<!– set UsePortNumber to true to preserve the port number if you’re using a port number other than 80 (the standard)
    <add key=”UsePortNumber” value=”true” /> –>

clip_image002[12]

I tweaked my appsettings section  and added the magic key

<add key=”UsePortNumber” value=”true” />

Also I had to add a new Http Alias “domain.com:8080″

This solved my problem and started retaining the port for my http://localhost:8080 but not http://domain.com:8080.  The http://domain.com:8080 was still turning to http://domain.com

Note: I later discovered this was not a problem of DNN and the issue happened because of the setup of our router settings and port forwarding, which I’ll discuss next.


Problem 3: 
Even after adding the “UsePortNumber” key it did not solve my problem

Solution

Our Router was Port Forwarding all traffic of 8080 to the port 80 of the machine where DNN app is hosted. I.e. 8080 –> 80. As a result even from a browser I as typing http://domain.com:8080 , the DNN Request object was getting http://domain.com and when DNN handlers and url rewriters spitting the reformatted url it was spitting http://domain.com.

This was a big problem for me, initially I thought I would write a HttpHandler for 404 page not found, but soon realized it will never hit the server with the spitted Url so that didn’t work. Then I thought I would tweak the DNN handlers to handle this scenario, but later tweaked the IIS and Router to handle this.

1. In IIS I added, support for 8080  to my Default Website.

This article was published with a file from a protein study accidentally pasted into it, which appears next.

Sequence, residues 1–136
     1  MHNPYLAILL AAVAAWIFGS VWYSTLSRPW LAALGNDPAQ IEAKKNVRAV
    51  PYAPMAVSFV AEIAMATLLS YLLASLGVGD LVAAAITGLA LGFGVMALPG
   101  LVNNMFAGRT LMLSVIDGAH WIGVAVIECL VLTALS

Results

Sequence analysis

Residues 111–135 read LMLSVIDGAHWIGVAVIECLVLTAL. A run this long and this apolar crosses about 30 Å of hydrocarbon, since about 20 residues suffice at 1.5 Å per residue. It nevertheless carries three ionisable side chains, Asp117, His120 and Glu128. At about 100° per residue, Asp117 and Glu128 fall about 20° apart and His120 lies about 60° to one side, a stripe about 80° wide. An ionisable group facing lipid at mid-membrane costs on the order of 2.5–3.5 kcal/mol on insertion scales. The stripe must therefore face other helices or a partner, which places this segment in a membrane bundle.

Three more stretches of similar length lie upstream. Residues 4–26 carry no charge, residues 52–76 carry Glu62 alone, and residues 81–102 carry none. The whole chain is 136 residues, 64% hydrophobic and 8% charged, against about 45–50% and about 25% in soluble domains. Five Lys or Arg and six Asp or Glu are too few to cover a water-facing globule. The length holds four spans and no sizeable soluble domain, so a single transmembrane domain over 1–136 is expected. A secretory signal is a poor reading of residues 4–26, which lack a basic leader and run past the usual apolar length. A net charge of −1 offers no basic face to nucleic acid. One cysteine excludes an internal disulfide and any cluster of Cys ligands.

clip_image002

 

2. In Router instead of forwarding to port 80 I started forwarding 8080 to 8080.
3. Made sure that in my DNN Site Settings, I have added Http Alias “domain.com:8080/dnn”.

Waaa la, This solved my issue.

Hope this helps and Thank you for being with me so far.

LINQ Tips: Implementing IQueryable Provider

Check out the following from Matt Warrens blog posts, if you are interested on how to implement IQueryable Provider.

source: http://blogs.msdn.com/mattwar/archive/2007/07/30/linq-building-an-iqueryable-provider-part-i.aspx

Part I – Reusable IQueryable base classes
Part II – Where and reusable Expression tree visitor
Part II – Local variable references
Part IV – Select
Part V – Improved Column binding
Part VI – Nested queries
Part VII – Join and SelectMany

LINQ Tips: Querying ArrayList via LINQ

Problem
If you try to query an ArrayList via LINQ you might be surprised to see that its not supported and throwing an exception. In other words the following query will not work at all.

ArrayList students = GetStudents();
var query =
  from student in students
  where student.Score > 80
  select new { student.ID, student.Name };


Cause
The problem comes from the fact that LINQ to Objects has been designed to query generic collections that implement the System.Collections.Generic.IEnumerable<T> interface. Where an ArrayList is a nongeneric collection that contains a list of untyped objects and also does not implement IEnumerable<T>.

Solution
Cast operator comes into rescue.

Here is the signature of the Cast operator:
public static IEnumerable<T> Cast<T>(this IEnumerable source)

Cast can take a nongeneric IEnumerable and returns a generic IEnumerable<T>.
A modification of the above query like this will solve the problem and you will be able to query ArrayList via LINQ.

ArrayList students = GetStudents();
var query =
  from student in students.Cast<Student>()
  where student.Score > 80
  select new { student.ID, student.Name };

LINQ Tips: Querying disposable objects in an using block

Be careful while querying the disposable object inside an using block, you may find that the yielded objects are all disposed before you have used them. To get over this issue use the ToList() method. You can exit the using block, and yield the results out.

Example:

IEnumerable<Student> results;
using (var db = new StudentDataContext())
{
  results = db.Students.Where(…).ToList();
}
foreach (var student in results)
{
  SomeMethod(student);
  yield return student;
}